¶ 35 3. Did the District Court err by concluding that Molnar improperly used State facilities for political purposes in violation of § 2-2-121(3)(a), MCA?

¶ 36 The District Court held that Molnar improperly used State resources for political purposes by: (1) including his PSC email address and PSC phone number on the Fundraising Letter, (2) using his PSC email address on his campaign website, (3) using his PSC email address to solicit a campaign editorial from the Great Falls Rotary Club, (4) using his PSC email to send the Billings Outpost emails, and (5) using his PSC email to arrange accommodations for a campaign appearance at the Bucking Horse Sale.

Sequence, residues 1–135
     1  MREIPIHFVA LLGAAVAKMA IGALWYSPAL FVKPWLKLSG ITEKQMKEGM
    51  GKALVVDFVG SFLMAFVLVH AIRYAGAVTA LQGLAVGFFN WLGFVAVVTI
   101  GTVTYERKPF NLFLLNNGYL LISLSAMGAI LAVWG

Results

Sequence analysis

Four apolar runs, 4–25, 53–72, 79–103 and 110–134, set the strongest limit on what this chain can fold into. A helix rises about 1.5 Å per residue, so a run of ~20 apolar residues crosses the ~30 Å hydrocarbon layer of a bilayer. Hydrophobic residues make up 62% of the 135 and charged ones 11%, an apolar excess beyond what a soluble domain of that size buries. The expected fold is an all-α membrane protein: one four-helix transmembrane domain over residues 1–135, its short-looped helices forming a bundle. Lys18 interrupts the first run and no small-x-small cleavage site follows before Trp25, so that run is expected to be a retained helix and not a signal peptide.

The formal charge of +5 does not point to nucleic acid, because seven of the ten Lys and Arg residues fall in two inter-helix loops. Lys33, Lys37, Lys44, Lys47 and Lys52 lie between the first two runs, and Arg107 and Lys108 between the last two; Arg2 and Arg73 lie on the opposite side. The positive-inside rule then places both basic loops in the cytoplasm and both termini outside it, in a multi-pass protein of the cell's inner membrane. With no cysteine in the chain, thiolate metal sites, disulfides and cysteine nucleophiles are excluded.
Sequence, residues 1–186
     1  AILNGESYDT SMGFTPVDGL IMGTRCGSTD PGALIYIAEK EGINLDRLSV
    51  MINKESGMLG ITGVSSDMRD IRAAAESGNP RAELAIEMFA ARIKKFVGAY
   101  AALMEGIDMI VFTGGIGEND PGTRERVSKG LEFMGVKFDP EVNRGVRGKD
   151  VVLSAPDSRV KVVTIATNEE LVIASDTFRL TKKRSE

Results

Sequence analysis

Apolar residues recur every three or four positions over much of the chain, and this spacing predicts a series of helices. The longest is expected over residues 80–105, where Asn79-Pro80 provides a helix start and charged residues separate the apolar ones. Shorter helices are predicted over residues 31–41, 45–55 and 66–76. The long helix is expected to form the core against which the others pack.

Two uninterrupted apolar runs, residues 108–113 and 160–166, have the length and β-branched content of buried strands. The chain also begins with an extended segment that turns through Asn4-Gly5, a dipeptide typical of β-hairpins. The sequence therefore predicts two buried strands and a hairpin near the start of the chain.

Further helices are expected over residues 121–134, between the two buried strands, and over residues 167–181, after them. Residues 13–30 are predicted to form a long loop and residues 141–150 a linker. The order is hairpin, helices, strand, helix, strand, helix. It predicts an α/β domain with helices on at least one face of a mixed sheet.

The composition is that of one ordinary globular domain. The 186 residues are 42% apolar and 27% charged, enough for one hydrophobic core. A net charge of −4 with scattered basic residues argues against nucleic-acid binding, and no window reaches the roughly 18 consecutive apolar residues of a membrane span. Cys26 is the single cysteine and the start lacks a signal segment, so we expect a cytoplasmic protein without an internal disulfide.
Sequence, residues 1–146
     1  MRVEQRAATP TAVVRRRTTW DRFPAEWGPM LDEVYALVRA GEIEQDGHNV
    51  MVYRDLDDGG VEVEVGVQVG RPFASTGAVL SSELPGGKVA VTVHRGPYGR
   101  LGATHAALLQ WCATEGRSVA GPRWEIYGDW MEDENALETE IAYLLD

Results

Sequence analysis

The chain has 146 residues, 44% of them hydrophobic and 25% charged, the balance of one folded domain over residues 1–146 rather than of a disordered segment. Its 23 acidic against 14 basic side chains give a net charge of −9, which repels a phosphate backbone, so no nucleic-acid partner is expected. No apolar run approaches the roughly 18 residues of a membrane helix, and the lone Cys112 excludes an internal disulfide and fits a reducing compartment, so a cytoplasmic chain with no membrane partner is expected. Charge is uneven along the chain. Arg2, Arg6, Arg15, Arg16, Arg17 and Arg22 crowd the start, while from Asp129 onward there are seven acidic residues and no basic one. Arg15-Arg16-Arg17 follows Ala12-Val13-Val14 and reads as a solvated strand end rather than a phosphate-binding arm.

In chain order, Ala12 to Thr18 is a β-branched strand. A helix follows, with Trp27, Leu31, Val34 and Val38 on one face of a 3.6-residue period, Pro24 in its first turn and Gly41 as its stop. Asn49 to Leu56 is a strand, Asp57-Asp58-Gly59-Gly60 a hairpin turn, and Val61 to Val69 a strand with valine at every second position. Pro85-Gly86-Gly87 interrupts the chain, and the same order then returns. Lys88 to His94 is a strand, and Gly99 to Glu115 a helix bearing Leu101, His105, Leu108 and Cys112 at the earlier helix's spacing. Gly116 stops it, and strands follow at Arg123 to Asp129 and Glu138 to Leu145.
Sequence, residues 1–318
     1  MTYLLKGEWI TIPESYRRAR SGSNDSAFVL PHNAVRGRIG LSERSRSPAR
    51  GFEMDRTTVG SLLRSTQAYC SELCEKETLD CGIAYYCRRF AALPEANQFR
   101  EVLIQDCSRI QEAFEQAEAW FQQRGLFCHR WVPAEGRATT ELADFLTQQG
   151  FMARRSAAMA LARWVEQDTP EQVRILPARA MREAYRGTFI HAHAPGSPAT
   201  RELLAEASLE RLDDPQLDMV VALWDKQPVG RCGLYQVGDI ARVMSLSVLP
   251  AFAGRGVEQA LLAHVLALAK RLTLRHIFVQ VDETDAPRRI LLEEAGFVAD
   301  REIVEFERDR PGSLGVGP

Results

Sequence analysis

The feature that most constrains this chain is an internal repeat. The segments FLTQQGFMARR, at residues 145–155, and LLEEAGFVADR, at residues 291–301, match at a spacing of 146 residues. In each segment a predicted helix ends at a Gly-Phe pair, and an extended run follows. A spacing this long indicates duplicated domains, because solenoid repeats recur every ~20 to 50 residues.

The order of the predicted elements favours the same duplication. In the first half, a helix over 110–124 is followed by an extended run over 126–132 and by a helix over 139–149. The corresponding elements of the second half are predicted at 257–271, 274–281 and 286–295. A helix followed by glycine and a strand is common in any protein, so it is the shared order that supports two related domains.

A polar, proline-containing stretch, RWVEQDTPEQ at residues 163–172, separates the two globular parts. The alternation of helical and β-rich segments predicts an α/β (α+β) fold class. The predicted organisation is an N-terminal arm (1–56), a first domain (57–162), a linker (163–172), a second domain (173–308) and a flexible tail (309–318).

¶ 37 The Code of Ethics prohibits any public officer or public employee from using "public time, facilities, equipment, supplies, personnel, or funds to solicit support for ... the election of any person to public office...." Section 2-2-121(3)(a), MCA.